Republican Rick Scott has defeated Democratic incumbent Bill Nelson in the Florida Senate race following an extended and heated recount process, elections officials announced Sunday.
What's the final tally?
Scott, the state’s outgoing governor, won by 10,033 votes out of 8.19 million cast statewide, Reuters news reported. Scott had 50.05 percent of votes, compared to 49.93 percent for Nelson.
“I just spoke with Senator Bill Nelson, who graciously conceded, and I thanked him for his years of public service,” Scott said in a statement.
His statement concluded, “Let’s get to work.”
Nelson, who was first elected to the Senate in 2000, was expected to issue a statement later in the day on Sunday.
The final tally made Nelson the latest incumbent Democratic senator to lose in a midterm election that saw Republicans expand their majority in the Senate but lose control in the House.
Other defeated Democratic senators included Joe Donnelly in Indiana, Heidi Heitkamp in North Dakota and Claire McCaskill in Missouri. On Saturday, Democrat Andrew Gillum conceded to Republican Ron DeSantis, a Trump ally.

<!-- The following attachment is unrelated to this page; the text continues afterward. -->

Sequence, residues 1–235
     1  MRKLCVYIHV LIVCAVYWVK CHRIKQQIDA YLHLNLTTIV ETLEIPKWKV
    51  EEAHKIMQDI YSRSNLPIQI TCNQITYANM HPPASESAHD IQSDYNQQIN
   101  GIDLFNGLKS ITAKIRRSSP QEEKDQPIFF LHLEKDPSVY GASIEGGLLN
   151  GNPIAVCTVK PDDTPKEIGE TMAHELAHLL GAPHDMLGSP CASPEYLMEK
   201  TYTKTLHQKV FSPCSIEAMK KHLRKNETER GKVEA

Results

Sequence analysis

The 65-year-old Scott entered politics after earning a fortune as a healthcare executive. He won the governorship of Florida in 2010 and 2014 by about 1 percent of the vote.
State law stopped Scott from becoming governor for a third term.
Following the election, he emerged with a lead of less than 0.5 percentage points. that prompted a recount of the ballots. Some Republicans, including President Donald Trump, alleged the election was marred by fraud.
Following the election, top Democratic attorneys flooded into the state because of the tight margin. Nelson's campaign sued to extend the deadline statewide and it asked for a recount of all ballots in Palm Beach County.
Did much change?
In the end, the hand recount did not change the final margin of the race by much.
Nelson, 76, first entered Florida politics by winning a state legislature seat in 1972, Reuters reported. He also served in the U.S. House of Representatives and has held state Cabinet posts.
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